The starting lens is simple. Content for the online community should be about the community and its members.
You’re effectively a local newspaper or club newsletter; think about the type of content they cover and how they’re pitched distinctly against a national or generalist publication. That’s not to suggest a particular form factor for your content – only the perspective you need to adopt.
Even in its early stages of development, an online community is an organic machine for content. If it’s nurtured, members will naturally create ample storytelling opportunities via their discussions, exchanges and personalities.
Growing, sustaining and leveraging a robust online community requires that you support the development of trust, sense of belonging and social equity. You need peers to connect with each other more than you. Your content should enable these community objectives.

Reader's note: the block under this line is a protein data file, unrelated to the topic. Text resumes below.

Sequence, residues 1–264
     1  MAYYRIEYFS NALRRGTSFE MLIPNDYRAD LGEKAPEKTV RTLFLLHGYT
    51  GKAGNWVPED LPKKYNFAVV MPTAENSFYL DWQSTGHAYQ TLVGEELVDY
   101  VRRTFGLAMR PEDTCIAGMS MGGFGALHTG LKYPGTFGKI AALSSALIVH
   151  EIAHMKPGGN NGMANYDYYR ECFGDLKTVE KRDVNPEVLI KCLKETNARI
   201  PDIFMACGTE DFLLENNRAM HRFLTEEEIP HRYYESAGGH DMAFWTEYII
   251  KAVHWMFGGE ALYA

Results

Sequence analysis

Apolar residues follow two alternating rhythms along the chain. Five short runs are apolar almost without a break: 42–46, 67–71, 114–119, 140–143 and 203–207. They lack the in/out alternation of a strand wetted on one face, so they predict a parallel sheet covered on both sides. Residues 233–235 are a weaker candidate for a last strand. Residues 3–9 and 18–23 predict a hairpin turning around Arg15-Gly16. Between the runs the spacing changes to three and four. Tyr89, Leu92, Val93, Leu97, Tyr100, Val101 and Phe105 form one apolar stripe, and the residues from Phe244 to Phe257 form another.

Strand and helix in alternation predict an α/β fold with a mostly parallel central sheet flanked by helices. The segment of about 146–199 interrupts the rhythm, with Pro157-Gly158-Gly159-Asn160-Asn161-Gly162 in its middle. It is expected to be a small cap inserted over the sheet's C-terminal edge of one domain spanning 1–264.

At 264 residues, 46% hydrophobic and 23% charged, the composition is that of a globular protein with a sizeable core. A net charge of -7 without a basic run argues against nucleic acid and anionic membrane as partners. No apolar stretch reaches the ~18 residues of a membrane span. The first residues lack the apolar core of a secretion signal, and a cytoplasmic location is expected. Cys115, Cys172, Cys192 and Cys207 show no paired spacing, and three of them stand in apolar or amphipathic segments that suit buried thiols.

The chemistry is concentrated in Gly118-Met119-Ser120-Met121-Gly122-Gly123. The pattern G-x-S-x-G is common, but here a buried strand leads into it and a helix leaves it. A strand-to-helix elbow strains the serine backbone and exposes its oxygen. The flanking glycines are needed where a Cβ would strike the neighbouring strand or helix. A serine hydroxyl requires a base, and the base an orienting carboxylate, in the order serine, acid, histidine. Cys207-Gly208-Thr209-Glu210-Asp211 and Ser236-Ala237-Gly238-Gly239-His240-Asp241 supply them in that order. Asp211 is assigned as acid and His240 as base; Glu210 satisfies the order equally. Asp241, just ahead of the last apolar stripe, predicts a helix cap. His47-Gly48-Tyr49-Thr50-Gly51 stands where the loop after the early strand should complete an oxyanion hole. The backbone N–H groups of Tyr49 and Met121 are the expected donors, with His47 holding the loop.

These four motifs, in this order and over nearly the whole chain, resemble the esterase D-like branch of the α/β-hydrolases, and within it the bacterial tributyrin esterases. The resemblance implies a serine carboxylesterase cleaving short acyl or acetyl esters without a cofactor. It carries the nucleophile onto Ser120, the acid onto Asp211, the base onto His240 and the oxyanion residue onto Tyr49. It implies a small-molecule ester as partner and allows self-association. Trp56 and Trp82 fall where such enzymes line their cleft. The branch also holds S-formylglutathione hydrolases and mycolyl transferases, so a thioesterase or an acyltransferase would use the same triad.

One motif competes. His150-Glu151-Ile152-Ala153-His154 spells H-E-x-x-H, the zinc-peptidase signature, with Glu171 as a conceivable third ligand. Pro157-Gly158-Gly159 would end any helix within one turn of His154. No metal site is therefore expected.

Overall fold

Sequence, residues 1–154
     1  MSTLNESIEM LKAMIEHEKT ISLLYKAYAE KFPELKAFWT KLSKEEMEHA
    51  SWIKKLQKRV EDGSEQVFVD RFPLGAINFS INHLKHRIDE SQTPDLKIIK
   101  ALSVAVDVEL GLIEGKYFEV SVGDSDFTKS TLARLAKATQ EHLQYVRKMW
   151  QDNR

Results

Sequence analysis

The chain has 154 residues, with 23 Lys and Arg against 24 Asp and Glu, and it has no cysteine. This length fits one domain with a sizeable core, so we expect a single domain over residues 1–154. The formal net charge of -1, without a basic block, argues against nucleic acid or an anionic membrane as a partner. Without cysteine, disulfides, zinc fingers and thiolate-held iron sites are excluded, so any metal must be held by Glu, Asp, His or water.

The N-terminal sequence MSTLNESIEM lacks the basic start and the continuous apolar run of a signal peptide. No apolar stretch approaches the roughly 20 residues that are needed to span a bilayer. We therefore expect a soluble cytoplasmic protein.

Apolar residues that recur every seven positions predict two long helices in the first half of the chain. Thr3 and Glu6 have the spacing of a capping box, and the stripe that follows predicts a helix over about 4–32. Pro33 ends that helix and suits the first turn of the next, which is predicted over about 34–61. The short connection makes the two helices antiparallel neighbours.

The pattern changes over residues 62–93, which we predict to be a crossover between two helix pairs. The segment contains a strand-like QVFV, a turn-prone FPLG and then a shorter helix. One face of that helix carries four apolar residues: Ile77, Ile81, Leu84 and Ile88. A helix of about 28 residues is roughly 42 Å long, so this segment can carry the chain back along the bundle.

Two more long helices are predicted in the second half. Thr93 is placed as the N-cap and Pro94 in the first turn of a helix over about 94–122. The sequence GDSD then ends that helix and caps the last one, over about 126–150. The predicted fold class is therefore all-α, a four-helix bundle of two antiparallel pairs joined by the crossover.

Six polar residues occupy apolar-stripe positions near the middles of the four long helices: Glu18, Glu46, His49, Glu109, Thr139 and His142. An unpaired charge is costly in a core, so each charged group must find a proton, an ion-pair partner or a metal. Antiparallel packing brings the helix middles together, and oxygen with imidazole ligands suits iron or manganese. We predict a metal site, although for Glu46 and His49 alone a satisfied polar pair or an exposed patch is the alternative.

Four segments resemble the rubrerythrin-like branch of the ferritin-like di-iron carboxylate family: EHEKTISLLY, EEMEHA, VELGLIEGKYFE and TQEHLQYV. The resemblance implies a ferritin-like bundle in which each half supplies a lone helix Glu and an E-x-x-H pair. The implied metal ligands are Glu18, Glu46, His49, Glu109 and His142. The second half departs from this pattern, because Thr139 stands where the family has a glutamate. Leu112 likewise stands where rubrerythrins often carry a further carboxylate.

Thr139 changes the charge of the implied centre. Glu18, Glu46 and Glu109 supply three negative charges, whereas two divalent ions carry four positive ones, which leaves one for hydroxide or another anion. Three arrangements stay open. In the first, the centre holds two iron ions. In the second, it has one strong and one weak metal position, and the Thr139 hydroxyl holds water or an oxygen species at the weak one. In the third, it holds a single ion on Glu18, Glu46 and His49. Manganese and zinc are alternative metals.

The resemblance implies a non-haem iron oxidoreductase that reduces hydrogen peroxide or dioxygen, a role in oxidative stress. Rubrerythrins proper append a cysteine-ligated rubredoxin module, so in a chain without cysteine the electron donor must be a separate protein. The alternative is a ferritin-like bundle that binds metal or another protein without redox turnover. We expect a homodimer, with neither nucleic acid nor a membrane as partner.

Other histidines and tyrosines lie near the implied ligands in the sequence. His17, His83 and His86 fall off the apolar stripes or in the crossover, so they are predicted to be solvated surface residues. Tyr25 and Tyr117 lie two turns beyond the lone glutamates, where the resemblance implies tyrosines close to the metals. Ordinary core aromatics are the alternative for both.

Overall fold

Determine which content will strengthen relationships, align with the shared goals of members and signal to an outsider what the community is all about.
A good test is to ask what a newcomer can learn about the community by consuming its content. Does it tell them who’s there? What do members value or champion? What happens day to day in the community?